WASHINGTON — Express Scripts said Thursday it has received a letter demanding money from the company under the threat of exposing records of millions of patients.
The threat was made in an anonymous letter that the company turned over to federal investigators. The letter, received in early October, included personal information on 75 people covered by Express Scripts, including birth dates, social security numbers and prescription information.
Express manages prescription benefits for roughly 50 million people through thousands of clients, including health insurers, employers and union-sponsored plans.
A company spokesman said Express waited to reveal the breach "to give the investigation time to proceed and get under way."
"We believe informing the public now was the appropriate time to do so under the circumstances," said spokesman Steve Littlejohn.
Littlejohn said the company alerted customers whose information appeared in the letter but does not know whether additional persons' information was exposed. The company currently has no plans to individually contact other beneficiaries. Although laws vary, companies generally are legally obligated to contact only people whose information has definitely been exposed.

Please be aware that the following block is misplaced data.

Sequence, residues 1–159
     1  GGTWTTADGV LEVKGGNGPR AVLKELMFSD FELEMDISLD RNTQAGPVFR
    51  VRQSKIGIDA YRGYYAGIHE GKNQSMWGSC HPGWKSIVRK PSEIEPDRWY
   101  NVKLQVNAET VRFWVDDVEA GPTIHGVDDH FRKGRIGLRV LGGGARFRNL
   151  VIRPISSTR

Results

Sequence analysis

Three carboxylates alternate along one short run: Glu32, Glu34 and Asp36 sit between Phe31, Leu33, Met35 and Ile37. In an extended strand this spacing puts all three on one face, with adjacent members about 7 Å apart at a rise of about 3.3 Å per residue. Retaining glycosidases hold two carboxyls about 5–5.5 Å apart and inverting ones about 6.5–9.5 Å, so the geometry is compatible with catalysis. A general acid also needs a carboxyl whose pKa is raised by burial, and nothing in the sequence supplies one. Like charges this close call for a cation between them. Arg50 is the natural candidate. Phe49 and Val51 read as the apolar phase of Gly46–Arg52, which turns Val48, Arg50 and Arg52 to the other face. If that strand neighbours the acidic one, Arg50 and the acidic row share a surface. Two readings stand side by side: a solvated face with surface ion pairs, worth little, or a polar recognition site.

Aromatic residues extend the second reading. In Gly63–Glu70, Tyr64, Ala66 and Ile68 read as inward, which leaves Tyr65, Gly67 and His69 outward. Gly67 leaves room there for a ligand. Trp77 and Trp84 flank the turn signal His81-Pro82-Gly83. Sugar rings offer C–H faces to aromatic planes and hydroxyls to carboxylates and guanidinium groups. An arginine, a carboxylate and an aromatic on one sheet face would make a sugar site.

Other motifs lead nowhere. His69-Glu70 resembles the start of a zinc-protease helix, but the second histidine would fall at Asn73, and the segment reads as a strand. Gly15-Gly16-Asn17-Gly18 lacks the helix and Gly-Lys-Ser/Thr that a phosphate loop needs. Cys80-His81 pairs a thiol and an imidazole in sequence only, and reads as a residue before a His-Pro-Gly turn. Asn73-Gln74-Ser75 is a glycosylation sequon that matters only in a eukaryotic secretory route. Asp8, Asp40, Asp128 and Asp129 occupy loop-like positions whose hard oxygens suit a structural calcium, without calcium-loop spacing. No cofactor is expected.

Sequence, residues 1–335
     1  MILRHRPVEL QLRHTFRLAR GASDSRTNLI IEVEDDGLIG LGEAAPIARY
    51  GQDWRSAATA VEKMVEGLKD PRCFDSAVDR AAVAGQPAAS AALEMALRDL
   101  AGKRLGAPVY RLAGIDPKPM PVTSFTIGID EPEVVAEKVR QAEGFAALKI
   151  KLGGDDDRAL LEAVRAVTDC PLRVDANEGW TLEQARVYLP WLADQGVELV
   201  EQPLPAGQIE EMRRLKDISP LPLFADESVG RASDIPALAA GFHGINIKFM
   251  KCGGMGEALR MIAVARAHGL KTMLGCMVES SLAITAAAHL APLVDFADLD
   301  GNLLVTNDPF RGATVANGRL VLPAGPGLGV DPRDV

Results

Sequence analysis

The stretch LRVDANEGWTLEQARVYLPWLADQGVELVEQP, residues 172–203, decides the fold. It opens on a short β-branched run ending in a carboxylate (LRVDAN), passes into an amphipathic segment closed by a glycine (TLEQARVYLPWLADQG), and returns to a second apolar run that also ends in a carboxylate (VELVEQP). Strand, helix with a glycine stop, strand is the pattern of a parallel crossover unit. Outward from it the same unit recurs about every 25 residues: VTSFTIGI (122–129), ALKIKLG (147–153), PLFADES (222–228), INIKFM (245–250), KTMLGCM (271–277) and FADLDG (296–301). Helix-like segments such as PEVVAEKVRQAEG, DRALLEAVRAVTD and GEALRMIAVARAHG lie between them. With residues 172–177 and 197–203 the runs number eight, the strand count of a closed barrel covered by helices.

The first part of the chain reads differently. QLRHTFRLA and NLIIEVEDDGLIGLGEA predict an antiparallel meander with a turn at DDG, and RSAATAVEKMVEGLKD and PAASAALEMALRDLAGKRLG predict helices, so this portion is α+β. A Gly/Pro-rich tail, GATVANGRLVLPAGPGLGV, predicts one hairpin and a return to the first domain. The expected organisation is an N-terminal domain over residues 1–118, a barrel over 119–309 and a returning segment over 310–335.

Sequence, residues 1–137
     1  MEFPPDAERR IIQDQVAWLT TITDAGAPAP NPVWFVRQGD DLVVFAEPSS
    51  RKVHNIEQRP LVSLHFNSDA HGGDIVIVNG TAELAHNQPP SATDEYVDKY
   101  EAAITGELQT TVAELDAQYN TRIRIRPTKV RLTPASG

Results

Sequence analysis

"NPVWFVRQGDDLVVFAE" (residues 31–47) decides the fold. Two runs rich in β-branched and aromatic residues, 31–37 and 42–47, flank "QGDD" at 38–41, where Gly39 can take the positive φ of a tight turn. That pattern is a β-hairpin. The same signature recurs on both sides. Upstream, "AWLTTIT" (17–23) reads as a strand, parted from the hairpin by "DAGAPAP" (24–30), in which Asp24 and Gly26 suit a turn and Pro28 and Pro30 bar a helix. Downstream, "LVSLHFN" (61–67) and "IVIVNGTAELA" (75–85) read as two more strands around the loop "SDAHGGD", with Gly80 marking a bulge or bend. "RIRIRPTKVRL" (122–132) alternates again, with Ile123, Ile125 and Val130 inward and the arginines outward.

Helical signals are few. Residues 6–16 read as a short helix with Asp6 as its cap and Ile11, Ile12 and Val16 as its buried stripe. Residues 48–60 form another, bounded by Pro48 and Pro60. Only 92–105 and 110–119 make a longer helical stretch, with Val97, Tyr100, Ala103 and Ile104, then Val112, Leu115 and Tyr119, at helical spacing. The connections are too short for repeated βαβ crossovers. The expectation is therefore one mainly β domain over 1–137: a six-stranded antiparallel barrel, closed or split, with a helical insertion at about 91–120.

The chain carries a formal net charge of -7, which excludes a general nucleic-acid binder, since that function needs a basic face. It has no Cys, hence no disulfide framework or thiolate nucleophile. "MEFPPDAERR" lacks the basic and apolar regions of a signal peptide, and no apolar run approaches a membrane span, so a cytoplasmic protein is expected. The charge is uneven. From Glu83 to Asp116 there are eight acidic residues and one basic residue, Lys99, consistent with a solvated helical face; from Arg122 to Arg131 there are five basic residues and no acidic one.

The company has set up a Web site for beneficiaries about the incident: esisupports.com.
According to the site, company staff believe they have identified the area where the data was stored and "have instituted enhanced controls."
The company said it has not received any reports of identity theft associated with the problem.
"We are cooperating with the FBI and are committed to doing what we can to protect our members' personal information and to track down the person or persons responsible for this criminal act," company Chief Executive George Paz said.
Earlier this year 11 people were indicted on suspicion of stealing 41 million credit and debit card numbers. The case is believed to be the largest identity theft on record, and involved the breach of computer networks of BJ's Wholesale Club, Barnes & Noble and other retailers.
If Express determines all of its beneficiary information was exposed, it would likely set a new record, according to the Privacy Rights Clearinghouse, a nonprofit group that tracks data security problems.
More than 245 million records of U.S. citizens have been exposed since 2005, according to the group.
"The overall numbers are increasing, but it's not clear whether that's due to more states having laws that require their disclosure, or an actual increase in breaches," said Paul Stephens, the group's policy director.
Since 2003, 40 states have adopted laws requiring companies to notify people when their personal information has been exposed. There is currently no nationwide requirement.
Express Scripts shares fell $3.85, or 6.2 percent, to close at $57.93 on a day in which the Dow Jones industrial average fell nearly 5 percent.